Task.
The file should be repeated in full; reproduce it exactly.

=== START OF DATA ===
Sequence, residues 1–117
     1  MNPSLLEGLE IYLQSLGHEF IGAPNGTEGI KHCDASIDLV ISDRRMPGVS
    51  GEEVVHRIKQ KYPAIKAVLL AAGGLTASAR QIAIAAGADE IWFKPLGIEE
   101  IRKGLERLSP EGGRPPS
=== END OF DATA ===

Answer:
Sequence, residues 1–117
     1  MNPSLLEGLE IYLQSLGHEF IGAPNGTEGI KHCDASIDLV ISDRRMPGVS
    51  GEEVVHRIKQ KYPAIKAVLL AAGGLTASAR QIAIAAGADE IWFKPLGIEE
   101  IRKGLERLSP EGGRPPS